starring Bruce Willis, Timothy Olyphant, Justin Long, Cliff Curtis, Maggie Q, Jonathan Sadowski and Kevin Smith
screenplay by Mark Bomback
directed by Len Wiseman
I would not call this a great movie. But it is a lot of fun. Like a Matt Reilly novel it features non-stop hyper-action that is a little tiring. But it only lasts about a hundred minutes, so I can stick it out.
Detective John Maclane is back, a lot older than the lastDiehard film, and with a lot less hair. Well, no hair at all, actually, but he is still great. (Bald actors like Bruce Willis, Ed Harris and Stanley Tucci turn me on. I think it is their baldness in addition to their talent.) By being in the wrong place at the wrong time - the same story mechanism as all the Diehard movie plots - he gets mixed up with super bad-guy terrorists that turn out to be just megalomaniac bank robbers. (In Diehard 2 the story line was about drugs, not money. But that was a sign of the times, what with Ronald Reagan’s “war on drugs.” In all the other Diehard films the story has boiled down to a glorified bank robbery.) Previous villains Allan Rickman and Jeremy Irons are more villainous than the bad guy in this movie, American Timothy Olyphant. That is because the previous villains have all been foreigners (non-Americans), and foreigners - especially with European accents - make for the best villains in American cinema. It’s perverse, it’s sad and it’s wrong, but that is the American imagination for you.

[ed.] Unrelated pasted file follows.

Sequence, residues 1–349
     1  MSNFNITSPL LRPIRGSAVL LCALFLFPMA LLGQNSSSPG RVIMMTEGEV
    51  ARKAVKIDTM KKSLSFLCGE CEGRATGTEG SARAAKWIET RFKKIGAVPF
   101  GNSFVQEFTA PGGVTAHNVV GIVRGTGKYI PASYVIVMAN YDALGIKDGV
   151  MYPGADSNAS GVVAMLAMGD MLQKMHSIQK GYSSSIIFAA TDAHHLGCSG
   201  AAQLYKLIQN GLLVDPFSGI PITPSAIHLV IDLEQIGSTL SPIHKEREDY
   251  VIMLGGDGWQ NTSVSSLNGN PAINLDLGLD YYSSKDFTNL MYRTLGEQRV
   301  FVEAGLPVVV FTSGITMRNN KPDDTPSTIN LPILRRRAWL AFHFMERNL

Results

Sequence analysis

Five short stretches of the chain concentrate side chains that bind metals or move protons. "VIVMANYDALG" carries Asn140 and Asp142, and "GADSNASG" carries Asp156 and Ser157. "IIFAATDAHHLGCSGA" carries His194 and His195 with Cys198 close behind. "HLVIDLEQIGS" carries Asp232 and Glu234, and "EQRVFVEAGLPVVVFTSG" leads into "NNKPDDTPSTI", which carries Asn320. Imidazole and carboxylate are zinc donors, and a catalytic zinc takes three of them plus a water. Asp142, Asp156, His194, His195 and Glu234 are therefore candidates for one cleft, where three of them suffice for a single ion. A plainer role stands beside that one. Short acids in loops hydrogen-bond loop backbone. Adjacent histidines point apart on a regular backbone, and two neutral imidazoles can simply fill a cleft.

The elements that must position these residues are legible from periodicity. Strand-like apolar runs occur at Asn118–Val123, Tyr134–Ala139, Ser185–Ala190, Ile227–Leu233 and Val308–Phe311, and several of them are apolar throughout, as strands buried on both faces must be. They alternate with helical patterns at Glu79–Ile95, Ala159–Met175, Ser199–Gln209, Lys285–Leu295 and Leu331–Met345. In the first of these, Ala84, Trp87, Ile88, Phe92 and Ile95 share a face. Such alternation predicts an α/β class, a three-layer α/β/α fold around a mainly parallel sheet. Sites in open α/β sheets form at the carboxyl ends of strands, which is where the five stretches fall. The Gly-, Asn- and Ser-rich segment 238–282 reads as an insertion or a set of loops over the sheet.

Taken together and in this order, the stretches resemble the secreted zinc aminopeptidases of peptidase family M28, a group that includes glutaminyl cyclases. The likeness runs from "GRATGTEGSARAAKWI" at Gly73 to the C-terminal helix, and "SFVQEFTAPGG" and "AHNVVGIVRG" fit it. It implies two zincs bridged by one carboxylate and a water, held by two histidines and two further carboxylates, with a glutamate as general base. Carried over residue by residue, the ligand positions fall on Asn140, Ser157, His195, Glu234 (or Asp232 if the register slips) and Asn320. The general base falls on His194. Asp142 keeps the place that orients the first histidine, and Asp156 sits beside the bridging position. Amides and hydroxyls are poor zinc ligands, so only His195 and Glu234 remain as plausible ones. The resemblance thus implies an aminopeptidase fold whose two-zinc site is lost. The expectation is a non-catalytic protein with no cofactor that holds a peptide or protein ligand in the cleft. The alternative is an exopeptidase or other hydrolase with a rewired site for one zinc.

The thing that makes the John Maclane character so great (and successful) is that he never stops moving in the face of disaster. In catastrophe most people would freeze like wildlife caught in a car’s headlights and then get run over. It takes a quick mind and reflexes to get out of the way and keep moving forward. Watch Jackie Chan movies and you will see the same thing. Jackie’s opponents are bigger, stronger, tougher and better martial artists than he is, but for shear mobility and desperate scrambling (not to mention plain old luck) Jackie wins. The lesson is, never stop moving. Of course, it is a Hollywoodmovie. In real life a bullet, or a long fall, or a vehicle crash would stop even the toughest guy, whereas they don’t stop John Maclane.
In Diehard 4.0 a grudging, vendetta-seeking former government security expert cyber crook is setting up the entire U.S. economy for collapse using computer viruses. As with a lot of recent movies it brims with a display of computer technology and the inter-connectivity of things in the modern world that accounts for the profound vulnerability of our lives. And it features a lot of nerdy computer geek characters to provide a surplus of comic relief.
The villains here are definitely more vicious than in Die Hard 1 (Allan Rickman) and 3 (Jeremy Irons). They have to be in order to make up for the lack of exposition of their rationale like what previous villains delivered by way of story continuity. (Why do villains always want to spill their guts to their intended victims by explaining their plan before they kill them? The heroes escape and use the information to defeat them. In James Bond movies, why does Ernst Bloefeld explain his plan to Bond before killing him? Just kill him!)